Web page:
This week I attended the Frontiers in Education conference (October 23-26) in Oklahoma City, Oklahoma, where I presented my work on A Community College Blended Learning Classroom Experience through Artificial Intelligence in Games. This is my first Computer Science Education paper.
The paper reports on the experience of teaching an industry-validated course on Artificial Intelligence in Computer Games within the Simulation and Game Design department at a two-year community college during a 16-week semester. The course format used a blended learning just-in-time teaching approach, which included active learning programming exercises and one-on-one student interactions.
Greetings from Sunnyvale, California! I’ve updated the blog to WordPress 3.6, which brings with it the new Twenty Thirteen theme.
Our paper on Speed/Accuracy Tradeoff in ACT-R Models of the Concentration Game Game has appeared in the 2013 International Conference on Cognitive Modeling.
This paper describes the development of subsymbolic ACT-R models for the Concentration game. Performance data is taken from an experiment in which participants played the game under two conditions: minimizing the number of mismatches/turns during a game, and minimizing the time to complete a game. Conflict resolution and parameter tuning are used to implement an accuracy model and a speed model that capture the differences for the two conditions. Visual attention drives exploration of the game board in the models. Modeling results are generally consistent with human performance, though some systematic differences can be seen. Modeling decisions, model limitations, and open issues are discussed.
Press: Teaching a Computer to Play ‘Concentration’ Advances Security, Understanding of the Human Mind
I attended the Foundations of Digital Games 2013 conference, held this year on the island of Crete, Greece. While there, I presented my early Doctoral Consortium work on inferring cognitive behaviors from low-level user interactions in games. If nothing else, the venue provided some closure for my past work as a formal games researcher.
I am pleased to announce that I have accepted an offer to intern at Google this summer, from May 28 to August 23. I will be working with the Search team in Mountain View, California.
Like last year, I once again participated in NEA’s Read Across America. I read “Alexander and the Terrible, Horrible, No Good, Very Bad Day” to a classroom of second graders at Wildwood Forest Elementary.
After the story, the students asked many tricky questions about game development and game design. Some days are like that, even in Australia.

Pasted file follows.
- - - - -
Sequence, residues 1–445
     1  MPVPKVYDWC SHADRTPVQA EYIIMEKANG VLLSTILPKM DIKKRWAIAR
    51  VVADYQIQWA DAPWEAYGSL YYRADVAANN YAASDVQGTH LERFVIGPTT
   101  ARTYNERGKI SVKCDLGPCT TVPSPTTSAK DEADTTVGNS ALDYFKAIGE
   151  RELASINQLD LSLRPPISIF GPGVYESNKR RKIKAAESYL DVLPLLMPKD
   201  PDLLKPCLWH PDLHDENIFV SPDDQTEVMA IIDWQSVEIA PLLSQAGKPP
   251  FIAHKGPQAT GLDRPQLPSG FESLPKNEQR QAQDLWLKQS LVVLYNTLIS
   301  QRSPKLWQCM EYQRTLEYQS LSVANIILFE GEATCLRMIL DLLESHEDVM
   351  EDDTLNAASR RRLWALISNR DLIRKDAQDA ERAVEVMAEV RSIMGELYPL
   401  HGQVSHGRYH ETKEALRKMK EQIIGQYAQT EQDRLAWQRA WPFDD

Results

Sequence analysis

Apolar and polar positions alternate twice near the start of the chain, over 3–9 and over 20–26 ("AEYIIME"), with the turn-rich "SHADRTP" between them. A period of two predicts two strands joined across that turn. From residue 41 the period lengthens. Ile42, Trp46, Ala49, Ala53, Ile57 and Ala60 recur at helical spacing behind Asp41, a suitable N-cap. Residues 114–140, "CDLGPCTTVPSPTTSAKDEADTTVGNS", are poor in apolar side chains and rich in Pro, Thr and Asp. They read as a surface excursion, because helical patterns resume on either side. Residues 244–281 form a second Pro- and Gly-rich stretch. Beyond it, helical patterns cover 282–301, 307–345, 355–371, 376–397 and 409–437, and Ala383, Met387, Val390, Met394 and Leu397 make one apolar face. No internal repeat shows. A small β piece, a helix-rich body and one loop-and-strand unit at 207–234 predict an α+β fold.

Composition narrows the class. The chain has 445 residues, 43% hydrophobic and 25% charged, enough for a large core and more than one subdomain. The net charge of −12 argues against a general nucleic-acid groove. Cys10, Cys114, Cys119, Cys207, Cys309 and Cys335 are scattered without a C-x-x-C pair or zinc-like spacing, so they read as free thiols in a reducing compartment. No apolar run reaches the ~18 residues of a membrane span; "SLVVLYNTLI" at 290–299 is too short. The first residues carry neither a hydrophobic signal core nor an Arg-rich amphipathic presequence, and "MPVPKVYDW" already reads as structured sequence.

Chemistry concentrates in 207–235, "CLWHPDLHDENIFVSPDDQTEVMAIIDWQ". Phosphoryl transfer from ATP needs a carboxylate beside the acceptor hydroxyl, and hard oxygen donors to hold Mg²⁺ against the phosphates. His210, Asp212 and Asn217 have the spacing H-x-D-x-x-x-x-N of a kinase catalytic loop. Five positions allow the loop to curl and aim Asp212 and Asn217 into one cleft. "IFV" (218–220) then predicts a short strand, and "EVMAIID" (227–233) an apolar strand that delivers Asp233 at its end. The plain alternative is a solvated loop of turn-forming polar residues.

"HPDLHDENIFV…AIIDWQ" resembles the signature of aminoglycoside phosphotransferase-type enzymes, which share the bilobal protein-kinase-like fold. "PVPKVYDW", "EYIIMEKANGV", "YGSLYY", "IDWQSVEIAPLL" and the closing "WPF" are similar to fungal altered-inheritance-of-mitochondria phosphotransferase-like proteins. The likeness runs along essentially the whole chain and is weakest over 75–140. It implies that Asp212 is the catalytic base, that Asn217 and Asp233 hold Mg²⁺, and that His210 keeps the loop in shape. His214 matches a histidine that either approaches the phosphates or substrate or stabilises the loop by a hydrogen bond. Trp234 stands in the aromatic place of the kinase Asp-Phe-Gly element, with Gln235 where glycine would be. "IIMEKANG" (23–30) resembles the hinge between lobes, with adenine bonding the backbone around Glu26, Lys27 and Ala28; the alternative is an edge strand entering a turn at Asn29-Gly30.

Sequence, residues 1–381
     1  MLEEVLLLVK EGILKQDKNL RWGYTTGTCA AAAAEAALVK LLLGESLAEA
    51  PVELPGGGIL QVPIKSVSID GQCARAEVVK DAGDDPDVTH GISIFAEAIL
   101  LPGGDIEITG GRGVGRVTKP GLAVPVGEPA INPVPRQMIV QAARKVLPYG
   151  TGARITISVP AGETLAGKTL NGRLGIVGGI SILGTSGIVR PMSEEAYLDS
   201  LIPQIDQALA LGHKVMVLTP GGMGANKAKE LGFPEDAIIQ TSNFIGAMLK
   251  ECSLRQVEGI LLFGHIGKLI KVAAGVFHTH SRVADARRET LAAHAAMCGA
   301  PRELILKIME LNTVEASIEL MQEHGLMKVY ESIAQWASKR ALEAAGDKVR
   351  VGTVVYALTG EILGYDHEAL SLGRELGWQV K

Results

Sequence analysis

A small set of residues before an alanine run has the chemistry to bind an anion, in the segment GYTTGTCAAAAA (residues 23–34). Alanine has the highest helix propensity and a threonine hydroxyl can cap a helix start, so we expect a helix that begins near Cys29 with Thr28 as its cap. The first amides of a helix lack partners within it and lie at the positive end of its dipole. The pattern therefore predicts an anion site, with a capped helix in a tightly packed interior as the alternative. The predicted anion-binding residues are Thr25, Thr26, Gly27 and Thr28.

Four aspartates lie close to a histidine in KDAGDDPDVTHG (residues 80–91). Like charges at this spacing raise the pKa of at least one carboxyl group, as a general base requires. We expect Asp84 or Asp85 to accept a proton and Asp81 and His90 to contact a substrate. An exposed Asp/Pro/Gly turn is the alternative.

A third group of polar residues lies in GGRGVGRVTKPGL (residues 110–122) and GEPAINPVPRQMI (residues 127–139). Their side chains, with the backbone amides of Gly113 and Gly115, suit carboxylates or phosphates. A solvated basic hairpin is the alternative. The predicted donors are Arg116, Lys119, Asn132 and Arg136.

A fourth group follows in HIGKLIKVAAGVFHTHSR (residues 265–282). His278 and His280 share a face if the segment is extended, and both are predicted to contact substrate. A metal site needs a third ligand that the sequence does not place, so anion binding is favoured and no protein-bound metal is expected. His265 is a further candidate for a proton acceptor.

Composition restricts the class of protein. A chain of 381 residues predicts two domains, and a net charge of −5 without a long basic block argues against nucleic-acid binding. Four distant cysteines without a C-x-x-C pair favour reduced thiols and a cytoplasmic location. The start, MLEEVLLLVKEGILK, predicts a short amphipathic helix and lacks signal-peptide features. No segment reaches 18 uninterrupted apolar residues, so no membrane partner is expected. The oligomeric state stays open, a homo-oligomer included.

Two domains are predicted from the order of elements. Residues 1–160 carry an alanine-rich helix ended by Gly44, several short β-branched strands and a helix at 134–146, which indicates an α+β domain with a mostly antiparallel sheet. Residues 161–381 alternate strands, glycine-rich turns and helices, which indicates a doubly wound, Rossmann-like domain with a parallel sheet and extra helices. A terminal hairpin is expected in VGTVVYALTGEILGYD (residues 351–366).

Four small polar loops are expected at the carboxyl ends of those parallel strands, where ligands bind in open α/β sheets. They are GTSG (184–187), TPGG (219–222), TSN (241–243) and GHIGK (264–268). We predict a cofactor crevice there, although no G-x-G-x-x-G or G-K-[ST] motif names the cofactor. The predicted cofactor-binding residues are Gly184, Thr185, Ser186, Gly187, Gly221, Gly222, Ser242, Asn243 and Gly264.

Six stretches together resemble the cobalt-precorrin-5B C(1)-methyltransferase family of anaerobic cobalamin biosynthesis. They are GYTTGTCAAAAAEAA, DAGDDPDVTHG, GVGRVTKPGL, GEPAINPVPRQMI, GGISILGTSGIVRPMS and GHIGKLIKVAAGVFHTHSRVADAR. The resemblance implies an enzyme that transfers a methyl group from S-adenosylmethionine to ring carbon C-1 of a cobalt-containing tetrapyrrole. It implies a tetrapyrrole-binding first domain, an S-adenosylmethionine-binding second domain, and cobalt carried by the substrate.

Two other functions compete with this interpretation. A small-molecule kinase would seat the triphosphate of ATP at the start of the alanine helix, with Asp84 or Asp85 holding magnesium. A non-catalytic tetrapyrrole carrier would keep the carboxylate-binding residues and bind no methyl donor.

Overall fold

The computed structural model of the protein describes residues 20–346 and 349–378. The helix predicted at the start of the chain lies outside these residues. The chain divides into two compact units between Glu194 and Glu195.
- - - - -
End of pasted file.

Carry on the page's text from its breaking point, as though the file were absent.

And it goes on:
I was one of the panel members at this year’s Educators Panel at the Carolina Games Summit, representing the Simulation and Game Design department of Wayne Community College. The panel was comprised of members from Wayne Community College, North Carolina State University, and Living Arts College.
If you are using Box2DFlash v2.1a with Adobe Flash Professional CS6, you may encounter the following error message upon trying to compile any of the examples under
Source\Box2D\Dynamics\b2World.as, Line 871 1046:
Type was not found or was not a compile-time constant:
This compile error occurs in
HelloWorld.fla, as well as because the project
Target has been inadvertently set to
Flash Player 9. Simply change the
Flash Player 10.3 or above to eliminate the compilation error.
After nearly a decade, I have generated a new 4096-bit RSA PGP/GPG key. The new key reflects the latest OpenPGP best practices. You can also view my key transition announcement for instructions on obtaining this key. The transition announcement has been signed by both the old and new (replacement) key.
If you are using
gpg, you may want to add the following to your
in order to prepare for the eventual migration off of SHA-1 in OpenPGP.
An article on our work in using low-level input characteristics as a mechanism for bot detection has appeared in The Abstract, the official blog of the NC State Newsroom. Bot detection is one of many possible applications in the broader research context of how computational approaches to evaluating input interactions can be leveraged in order to better understand and predict the underlying cognitive processes of a user.
If you’re interested in contributing to a related follow-up work, then please take a moment to participate in my newest research study, the Concentration Game.